Expert growers are familiar with the concept of feeding the soil first. Your greenhouse space is designed to replicate ideal growing conditions from light and hydration, to soil type and temperature. An important variable, which is sometimes underemphasized or overlooked, is establishing and “building up” beneficial biology in soil and on plant tissue surfaces. Beneficial biology that is found in nature aids in plant protection, strengthening immune responses, and nutrient uptake. Healthy natural soils are characterized by a presence of broad-spectrum microbiology, which is reflected in the living soils and amendments that we create. Experienced growers are familiar with opening a fresh bag of soil and seeing a network of white webby growths, but for novices, this can trigger some concern. Obviously, you don’t want to grow in mold… do you? Though it may look a bit concerning to the untrained eye, these growths are known as ‘fungal hyphae’ and are a sign of healthy soil.
What is Fungal Hyphae?
The term ‘fungal hyphae’ refers specifically to the long thread-like filaments that make up the body of fungi. These threads allow the broad-spectrum of fungi in your soil to break down dead plant material, process nutrients, and release nutrients. Fungi such as mycorrhizae can also form a symbiotic relationship with plants to make water and nutrients more available, as well as support stronger root development. Many people think that fungi=mushrooms, but much of the biomass of fungi actually consists of microscopic fungal life.
Living soil amendments and mixes contain a broad range of beneficial bacteria and fungi. When they’re in an ideal environment, the biology in your soil forms large colonies that you can see as growths on the soil surface. These growths come in a variety of colors, shapes, and sizes, though many are white and have a fuzzy, webby, or stringy texture.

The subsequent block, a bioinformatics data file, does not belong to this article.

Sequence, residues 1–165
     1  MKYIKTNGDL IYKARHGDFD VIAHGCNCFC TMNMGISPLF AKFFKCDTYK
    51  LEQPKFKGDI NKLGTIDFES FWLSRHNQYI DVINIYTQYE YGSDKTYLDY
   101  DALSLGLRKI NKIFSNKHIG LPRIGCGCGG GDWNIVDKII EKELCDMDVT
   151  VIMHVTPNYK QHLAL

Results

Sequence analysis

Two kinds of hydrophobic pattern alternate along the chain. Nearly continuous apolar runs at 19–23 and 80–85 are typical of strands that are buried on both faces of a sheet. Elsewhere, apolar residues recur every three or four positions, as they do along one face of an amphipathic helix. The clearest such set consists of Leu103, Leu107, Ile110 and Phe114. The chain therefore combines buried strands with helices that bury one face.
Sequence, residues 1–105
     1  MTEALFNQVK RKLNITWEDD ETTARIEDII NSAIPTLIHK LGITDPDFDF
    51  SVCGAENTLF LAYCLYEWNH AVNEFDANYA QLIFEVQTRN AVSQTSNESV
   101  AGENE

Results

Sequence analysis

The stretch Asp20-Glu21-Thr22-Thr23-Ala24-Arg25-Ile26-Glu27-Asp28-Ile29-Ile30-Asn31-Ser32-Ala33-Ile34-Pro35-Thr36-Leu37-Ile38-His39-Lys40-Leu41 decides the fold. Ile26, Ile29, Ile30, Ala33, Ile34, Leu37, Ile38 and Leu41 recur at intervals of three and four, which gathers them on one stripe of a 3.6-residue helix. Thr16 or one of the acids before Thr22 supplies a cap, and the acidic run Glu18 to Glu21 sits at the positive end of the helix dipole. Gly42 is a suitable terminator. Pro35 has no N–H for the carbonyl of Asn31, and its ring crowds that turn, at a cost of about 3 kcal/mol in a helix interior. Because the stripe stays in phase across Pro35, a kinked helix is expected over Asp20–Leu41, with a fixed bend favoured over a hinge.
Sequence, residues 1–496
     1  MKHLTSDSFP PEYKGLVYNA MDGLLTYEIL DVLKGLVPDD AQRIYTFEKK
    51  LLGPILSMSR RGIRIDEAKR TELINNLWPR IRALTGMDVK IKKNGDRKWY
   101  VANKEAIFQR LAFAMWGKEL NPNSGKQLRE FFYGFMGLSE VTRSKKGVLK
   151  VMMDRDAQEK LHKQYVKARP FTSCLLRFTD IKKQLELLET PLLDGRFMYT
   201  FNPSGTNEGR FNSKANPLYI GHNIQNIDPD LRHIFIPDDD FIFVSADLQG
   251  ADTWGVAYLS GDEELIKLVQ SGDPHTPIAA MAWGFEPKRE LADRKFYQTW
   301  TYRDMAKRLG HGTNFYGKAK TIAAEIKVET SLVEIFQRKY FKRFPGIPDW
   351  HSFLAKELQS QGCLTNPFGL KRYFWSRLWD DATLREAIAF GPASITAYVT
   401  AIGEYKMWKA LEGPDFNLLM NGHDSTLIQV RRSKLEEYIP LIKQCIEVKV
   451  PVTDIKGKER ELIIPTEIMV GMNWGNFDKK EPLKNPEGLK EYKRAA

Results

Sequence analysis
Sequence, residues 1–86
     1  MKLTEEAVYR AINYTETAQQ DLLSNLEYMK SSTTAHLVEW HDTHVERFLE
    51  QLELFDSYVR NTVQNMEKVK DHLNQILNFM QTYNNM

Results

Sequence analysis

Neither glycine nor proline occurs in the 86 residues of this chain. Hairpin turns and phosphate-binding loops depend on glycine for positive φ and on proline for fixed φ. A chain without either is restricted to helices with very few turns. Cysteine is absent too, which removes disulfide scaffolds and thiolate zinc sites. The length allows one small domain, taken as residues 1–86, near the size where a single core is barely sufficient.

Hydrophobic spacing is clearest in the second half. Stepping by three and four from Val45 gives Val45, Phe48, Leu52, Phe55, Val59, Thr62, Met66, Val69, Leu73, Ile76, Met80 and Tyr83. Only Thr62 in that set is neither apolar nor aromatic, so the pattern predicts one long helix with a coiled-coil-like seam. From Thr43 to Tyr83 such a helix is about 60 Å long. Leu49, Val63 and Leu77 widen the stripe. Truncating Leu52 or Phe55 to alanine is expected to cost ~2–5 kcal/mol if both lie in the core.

Why is Fungi Important?
Beneficial microbiological diversity is a natural aid for cultivating vigorous, healthy, nutrient-dense plants, with elevated rates of macro, micro, phytonutrients, flavonoids, & terpenoids (terpenes). Fungi contributes to this by building symbiotic connections with the root systems of plants. The roots provide an ideal environment for fungi to establish itself. In return, the fungi acts as an extension of the plant’s root system, increasing the amount of water and nutrients that a plant can take in. This increase in available inputs allows plants to develop more nutritious produce, healthier foliage, and to increase the size and quality of the overall crop.
In addition to creating more (and better) produce, a proliferation of diverse fungal life can also increase disease resistance! Healthier plants, especially those that are well nourished, naturally have the ability to withstand disease pressures. In addition, biological diversity naturally competes against pathogens in your soil, with beneficial fungi out-competing diseases and pests for nutrients and resources. Pathogens are one of the biggest concerns of greenhouse growers. The most significant benefit of microbial inputs is that they can be used in any organic or conventional growing system, with any biologically friendly inputs.
How Do I Support the Fungi in my Soil?
There are several things you can do to support your soil fungi, from adjusting your growing techniques to changing up your fertilizers. Using organic and biologically friendly conventional inputs is an important first step. The inputs you apply should support the way that nutrients are naturally broken down and processed by microbes.
When using pesticides, especially fungicides, do not apply these to the soil. Fungicides do not differentiate between beneficial fungi or pathogenic fungi, and repeated applications of biocides can decimate the biological network in your soil.
Reducing soil disturbance, such as tilling, compaction, and erosion, allows your soil fungi to establish and build up a healthy population. Tilling can be useful in some cases for weed maintenance or building out a new growing space, but in the long run it’s most beneficial to allow your soil to develop under the surface, and to plant alongside the growing network of microbes.
Soil biodiversity is key to plant health. The more microbiological species present in your soil, the more functions to support plant success. So, the next time you ask yourself, “what’s that fuzzy stuff?” you know it’s fungal hyphae!